However, in case the receiver gets power from another source, then there is no need to activate the BEC function - actually, the user should not activate it at all in this specific case.

    FrSky ESC Neuron 40/60/80
  • Do notice that, on ESCs from the latest lines by FrSky, there is a pin labeled “S. Port”. By connecting this one to the pin under the same name on the receiver, the user will be able to get telemetry data from both the ESC and the RX using the Smart Port Communication Protocol.

 

 

 

   

Electronic Speed Controllers can vary a lot from model to model, and so does the way every pilot puts them to use. Thus, in this short tutorial, you will learn how to get going with your ESC, and the main discussion will be centered on how to calibrate it.

Do note that the instructions are focused on Brushless type ESCs since the majority of modern RC models, which are our primary focus here, fly with Brushless motors.

For starters, it’s important to have some knowledge on (brushless) ESCs, such as what they are supposed to do - as well as their most useful functions -, their basic working mechanism, and how to correctly wire them to the motor, receiver, and battery. On the Q&A section from Horus, there are some explanations on all of these topics so be sure to check them out if needed.

Once you have all the components ready, assuming that they can work perfectly fine (no product defect) and that the ESC was properly chosen considering the current rating, it is time to move on to the calibration. Follow the steps below for a manual ESC-by-ESC calibration:

  1. 1.Security Check! Before calibrating an ESC, you should ensure that your motor has no props on it and that the LiPo battery is disconnected (or any other kind of battery used);
  2. 2.Connect your ESC to the throttle channel of the receiver (usually the 3rd channel);
  3. 3.Turn on the transmitter and take the throttle stick to the maximum level (full up);
  4. 4.Plug the battery into the ESC. After doing so, you will probably hear a musical tone followed by two short beeps;
  5. 5.Once you hear the two beeps, lower the throttle stick to the minimum level (full down);
  6. 6.Then, the ESC will emit a sequence of short beeps (one for each cell in the battery being used) and at last a single long beep. This indicates the endpoints (corresponding to max and min throttle) have been set and the ESC is calibrated;
  7. 7.Disconnect the battery.

If it seems that the ESC’s was not successfully calibrated, then you might need to reverse the throttle channel on the transmitter. Another solution might be lowering your throttle trim on the transmitter to 50%.

As was said before, the ESC calibration process can vary based on what brand of ESC is being used. Thus, it is recommended to always refer to the manual that comes with your model for more detailed information (such as what each tone means as feedback ) or in case the instructions presented here do not work for your ESC.

 

   

If you have ever tried to run a Brushless motor with an Electronic Speed Controller, you probably got confused at some point because things were just not right. Then, you might have started wondering if your ESC was really working or if the problem was actually with the motor. The difficulty lies in the number of variables involved.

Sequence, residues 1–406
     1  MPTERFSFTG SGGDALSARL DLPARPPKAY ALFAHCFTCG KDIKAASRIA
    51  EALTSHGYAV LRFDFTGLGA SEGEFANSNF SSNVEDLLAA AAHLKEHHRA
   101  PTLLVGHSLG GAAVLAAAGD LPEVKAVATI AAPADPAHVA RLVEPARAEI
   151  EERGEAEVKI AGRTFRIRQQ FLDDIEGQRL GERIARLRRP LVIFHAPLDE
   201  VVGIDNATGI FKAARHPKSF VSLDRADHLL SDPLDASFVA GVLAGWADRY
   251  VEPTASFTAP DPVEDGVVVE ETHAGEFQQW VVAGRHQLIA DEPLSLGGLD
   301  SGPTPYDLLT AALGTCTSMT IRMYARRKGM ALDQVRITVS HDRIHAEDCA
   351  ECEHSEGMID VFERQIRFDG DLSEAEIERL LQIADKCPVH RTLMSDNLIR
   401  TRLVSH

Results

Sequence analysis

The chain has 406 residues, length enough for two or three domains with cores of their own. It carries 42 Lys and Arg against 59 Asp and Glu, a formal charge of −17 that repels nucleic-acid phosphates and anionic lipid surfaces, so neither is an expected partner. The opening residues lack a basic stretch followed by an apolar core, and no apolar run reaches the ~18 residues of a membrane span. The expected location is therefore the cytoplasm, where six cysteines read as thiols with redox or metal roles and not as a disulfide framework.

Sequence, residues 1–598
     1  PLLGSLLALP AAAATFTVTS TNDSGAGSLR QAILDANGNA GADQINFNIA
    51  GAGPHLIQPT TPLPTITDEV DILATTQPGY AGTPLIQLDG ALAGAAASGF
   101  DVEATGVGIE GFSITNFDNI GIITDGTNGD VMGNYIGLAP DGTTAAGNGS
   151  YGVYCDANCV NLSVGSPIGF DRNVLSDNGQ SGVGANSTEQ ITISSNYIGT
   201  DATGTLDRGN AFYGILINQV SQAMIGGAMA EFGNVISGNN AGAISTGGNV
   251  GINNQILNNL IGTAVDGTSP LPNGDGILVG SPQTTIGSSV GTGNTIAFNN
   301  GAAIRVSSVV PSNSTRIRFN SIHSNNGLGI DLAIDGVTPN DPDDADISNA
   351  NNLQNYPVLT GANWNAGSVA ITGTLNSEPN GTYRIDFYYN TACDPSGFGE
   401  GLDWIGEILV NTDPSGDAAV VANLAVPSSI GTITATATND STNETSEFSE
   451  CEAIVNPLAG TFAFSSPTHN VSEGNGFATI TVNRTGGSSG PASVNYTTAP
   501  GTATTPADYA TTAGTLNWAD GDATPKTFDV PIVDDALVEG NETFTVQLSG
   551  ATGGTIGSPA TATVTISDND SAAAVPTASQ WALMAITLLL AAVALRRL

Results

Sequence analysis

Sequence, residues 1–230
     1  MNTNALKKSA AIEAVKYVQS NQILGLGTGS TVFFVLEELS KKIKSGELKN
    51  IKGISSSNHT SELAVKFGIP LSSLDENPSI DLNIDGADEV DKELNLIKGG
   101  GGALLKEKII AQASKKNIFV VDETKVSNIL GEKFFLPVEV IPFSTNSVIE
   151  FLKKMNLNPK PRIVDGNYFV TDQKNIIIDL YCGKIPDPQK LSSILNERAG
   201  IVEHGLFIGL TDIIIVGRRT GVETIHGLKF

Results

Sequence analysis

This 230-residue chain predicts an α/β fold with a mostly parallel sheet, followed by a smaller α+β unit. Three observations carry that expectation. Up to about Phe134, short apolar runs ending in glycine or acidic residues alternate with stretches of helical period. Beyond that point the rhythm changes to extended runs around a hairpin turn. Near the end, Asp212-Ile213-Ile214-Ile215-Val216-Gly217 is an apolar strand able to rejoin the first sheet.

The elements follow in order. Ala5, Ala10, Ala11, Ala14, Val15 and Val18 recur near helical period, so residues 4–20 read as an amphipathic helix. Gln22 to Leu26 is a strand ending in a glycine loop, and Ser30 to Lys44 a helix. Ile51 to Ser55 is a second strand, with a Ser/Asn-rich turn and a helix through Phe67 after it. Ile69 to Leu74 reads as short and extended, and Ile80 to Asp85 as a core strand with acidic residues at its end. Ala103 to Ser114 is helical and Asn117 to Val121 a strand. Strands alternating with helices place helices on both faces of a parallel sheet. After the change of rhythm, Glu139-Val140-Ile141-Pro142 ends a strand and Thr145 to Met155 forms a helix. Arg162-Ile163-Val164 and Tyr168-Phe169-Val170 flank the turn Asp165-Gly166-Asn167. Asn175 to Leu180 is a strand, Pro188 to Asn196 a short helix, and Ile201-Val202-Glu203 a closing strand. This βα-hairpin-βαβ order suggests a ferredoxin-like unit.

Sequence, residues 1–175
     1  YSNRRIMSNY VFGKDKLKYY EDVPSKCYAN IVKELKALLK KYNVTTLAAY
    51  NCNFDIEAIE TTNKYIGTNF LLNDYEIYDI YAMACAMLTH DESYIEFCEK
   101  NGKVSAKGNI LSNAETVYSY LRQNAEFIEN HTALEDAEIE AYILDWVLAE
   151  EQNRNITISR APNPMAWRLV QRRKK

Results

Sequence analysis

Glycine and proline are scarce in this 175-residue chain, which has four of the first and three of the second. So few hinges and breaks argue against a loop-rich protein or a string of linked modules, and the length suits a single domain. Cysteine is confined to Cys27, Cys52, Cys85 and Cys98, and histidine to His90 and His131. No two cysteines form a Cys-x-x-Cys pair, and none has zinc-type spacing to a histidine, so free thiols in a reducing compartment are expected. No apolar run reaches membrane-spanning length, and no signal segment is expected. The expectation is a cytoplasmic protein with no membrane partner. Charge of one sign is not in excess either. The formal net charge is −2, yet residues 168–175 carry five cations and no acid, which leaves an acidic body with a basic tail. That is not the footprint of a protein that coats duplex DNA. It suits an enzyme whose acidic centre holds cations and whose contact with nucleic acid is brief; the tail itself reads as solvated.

Be that as it may, it is recommended to first narrow down the focus of problem investigation to only one component (either the motor or the ESC) and then work on troubleshooting from there. To do this, there is a simple solution that should be followed with great care and caution: mix and match.

Mix and Match

If you have a motor and an ESC to spare that are both proven to be perfectly functional, you could try running the known-to-be-good motor with the suspect-for-defect ESC. Be careful! You should do this for only one click or two and then turn everything off quickly!

If this match (good motor + suspicious ESC) does not work properly too, then the problem might really be in the ESC. But, before jumping so fast into conclusions, you should repeat the test but the other way round - take the known-to-be-good ESC and try running the questionable motor with it.

You should be careful when running both of these two combinations - especially the second one - since a bad ESC is not likely to hurt a motor but a bad motor can kill an ESC. Furthermore, be warned that If you persist on testing for longer periods of time and higher throttle settings, other components involved will also be put at higher risk of damage.

Other basic tests

Besides the mix and match test, a voltage test with any cheap multimeter is also a good place to start: if there is no 5V on the wire that connects the BEC and the throttle channel, then the conclusion is that the receiver is not getting any power. If the ESC does not detect the presence of a receiver, it will not arm itself in most cases.

Another point worth mentioning is that If there is no motor present or if a malfunctioning motor is indeed present, most ESCs will also not arm.

 

   

When choosing an Electronic Speed Controller for your RC model, it is essential to take some points into consideration, such as the size of the motor, the choice of propeller, as well as the number of cells in the battery.

A racing drone’s robust brushless motor, equipped with an aggressive high-pitched propeller, for example, can pull more than 40 amperes of current. Therefore, selecting the right ESC is crucial so that the FETS on it will not be damaged by the high current and fail mid-flight.

As you can see, the ESC choice will be mostly defined by the amount of amperage it needs to be able to handle, and that depends on your choice of motor and propeller. However, do bear in mind that ESCs are also distinct in their rate of the number of battery cells, in other words, according to the voltage range that they were made to work with. To put it simply, taking the voltage into account when choosing an ESC is fairly simple and much more straightforward since voltage depends solely on the number of battery cells and battery type.

Considering the great variety of batteries available in the market nowadays (with different options of composition/chemistry and number of cells), the rule/restriction to follow when choosing an ESC ends up relying majorly on the amperage demand of your motor: what we want is to have the ESC be able to handle more power than the motor will draw.

So, choose the motor first. From that, get an ESC that meets the motor’s needs, and, finally, get a battery that fits the ESC’s restrictions and can supply a little more than the amp demand.